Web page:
I recently read the first chapter of Elizabeth Ellsworth’s book, Places of Learning, and found it interesting. The author was introducing the topic of learning in different places, but also that true learning is an experience in which students are able to engage body, mind, and spirit in the task rather than having information shoved down their ears and eyes. She talks about how when we know something for certain it is a dead topic, in that we cannot engage with it as if the outcome of our learning was not so concrete, so we would have to engage with the topic to fully understand it and grapple with the implications to finally put our curiosity at rest.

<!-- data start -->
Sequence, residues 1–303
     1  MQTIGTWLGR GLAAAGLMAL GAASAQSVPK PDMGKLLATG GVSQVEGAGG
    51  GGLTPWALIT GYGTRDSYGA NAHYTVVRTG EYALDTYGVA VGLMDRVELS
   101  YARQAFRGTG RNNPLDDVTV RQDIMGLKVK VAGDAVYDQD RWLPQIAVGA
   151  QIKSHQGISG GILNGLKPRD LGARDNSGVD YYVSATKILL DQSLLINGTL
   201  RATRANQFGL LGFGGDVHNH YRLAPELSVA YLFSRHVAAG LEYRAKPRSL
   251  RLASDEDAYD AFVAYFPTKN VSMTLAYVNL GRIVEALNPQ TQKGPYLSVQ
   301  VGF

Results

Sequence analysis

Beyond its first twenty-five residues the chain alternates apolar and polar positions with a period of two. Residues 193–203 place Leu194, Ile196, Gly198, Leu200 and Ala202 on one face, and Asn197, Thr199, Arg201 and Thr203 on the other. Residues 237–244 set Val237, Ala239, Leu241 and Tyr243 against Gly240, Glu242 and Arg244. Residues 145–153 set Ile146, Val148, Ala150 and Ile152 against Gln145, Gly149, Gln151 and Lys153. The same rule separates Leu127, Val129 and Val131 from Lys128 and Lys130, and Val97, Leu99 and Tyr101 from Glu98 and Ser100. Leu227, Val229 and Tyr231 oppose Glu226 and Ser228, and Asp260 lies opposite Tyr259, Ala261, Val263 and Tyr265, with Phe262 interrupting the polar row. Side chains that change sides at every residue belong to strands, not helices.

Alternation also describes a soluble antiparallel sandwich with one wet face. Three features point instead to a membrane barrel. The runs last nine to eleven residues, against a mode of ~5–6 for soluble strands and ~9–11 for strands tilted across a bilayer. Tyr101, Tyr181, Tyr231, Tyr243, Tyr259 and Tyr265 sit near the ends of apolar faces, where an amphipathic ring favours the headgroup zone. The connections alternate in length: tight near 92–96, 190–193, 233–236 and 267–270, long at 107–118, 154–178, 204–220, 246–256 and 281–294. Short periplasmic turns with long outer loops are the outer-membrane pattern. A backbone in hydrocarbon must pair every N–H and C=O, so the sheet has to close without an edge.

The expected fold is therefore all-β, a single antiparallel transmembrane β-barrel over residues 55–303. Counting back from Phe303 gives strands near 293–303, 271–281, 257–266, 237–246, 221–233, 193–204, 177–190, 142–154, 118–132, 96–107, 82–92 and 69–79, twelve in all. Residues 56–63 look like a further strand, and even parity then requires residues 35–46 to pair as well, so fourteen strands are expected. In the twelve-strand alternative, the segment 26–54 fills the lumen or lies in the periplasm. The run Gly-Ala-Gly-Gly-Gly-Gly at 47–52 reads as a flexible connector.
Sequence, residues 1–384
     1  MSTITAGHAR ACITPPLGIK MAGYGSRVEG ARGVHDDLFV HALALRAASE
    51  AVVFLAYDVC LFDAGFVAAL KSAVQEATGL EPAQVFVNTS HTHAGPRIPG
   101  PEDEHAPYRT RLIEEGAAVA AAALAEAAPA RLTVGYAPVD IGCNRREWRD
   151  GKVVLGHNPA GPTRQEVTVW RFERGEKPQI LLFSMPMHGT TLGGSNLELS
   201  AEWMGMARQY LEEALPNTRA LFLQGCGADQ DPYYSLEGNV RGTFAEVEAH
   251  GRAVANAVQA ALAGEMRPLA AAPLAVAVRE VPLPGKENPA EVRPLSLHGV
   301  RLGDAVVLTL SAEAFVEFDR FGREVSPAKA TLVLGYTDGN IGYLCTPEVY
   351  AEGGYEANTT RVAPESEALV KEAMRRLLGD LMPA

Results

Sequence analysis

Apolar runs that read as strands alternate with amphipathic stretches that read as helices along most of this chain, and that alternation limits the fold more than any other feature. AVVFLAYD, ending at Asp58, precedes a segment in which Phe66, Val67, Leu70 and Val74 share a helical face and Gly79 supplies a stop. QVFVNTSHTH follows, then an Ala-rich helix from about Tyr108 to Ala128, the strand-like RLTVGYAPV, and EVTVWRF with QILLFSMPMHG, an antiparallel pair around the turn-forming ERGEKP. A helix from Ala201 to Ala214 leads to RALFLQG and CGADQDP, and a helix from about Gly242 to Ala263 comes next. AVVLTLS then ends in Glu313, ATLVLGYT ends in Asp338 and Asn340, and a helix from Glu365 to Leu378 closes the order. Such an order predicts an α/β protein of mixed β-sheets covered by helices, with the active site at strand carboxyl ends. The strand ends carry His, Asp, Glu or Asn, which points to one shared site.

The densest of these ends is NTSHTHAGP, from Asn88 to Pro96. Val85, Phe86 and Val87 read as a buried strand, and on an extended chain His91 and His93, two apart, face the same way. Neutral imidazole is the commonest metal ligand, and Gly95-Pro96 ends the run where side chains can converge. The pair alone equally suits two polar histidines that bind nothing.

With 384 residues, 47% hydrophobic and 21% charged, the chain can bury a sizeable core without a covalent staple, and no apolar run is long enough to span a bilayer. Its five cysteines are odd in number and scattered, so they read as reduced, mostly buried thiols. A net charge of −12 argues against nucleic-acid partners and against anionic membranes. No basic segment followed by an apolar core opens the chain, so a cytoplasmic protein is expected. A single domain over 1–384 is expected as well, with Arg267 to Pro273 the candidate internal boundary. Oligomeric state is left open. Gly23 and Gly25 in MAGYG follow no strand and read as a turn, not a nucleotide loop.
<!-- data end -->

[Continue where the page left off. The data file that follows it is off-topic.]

One major point she makes is that places of learning is very important, and that changing up where we learn is a great tool that teachers have when engaging students. Places such as museums, galleries, and other public places are great ‘anomolous places of learning’. I know that I have learned best when seeing the work done and then doing it myself based upon what I have seen accomplished.
Learning done is much more effective than learning taught. When students experience the struggle of trying to find an answer, the success when they do find it is that much sweeter, and place is a huge part of that, as restricting students to rows and columns of desks will likewise restrict their minds. But instead, allowing and in fact encouraging all kinds of learning styles to succeed, whether in a group or with one’s hands, and creating a place where students can try, fail, try again, and succeed with equal enthusiasm is the best way for students to truly learn.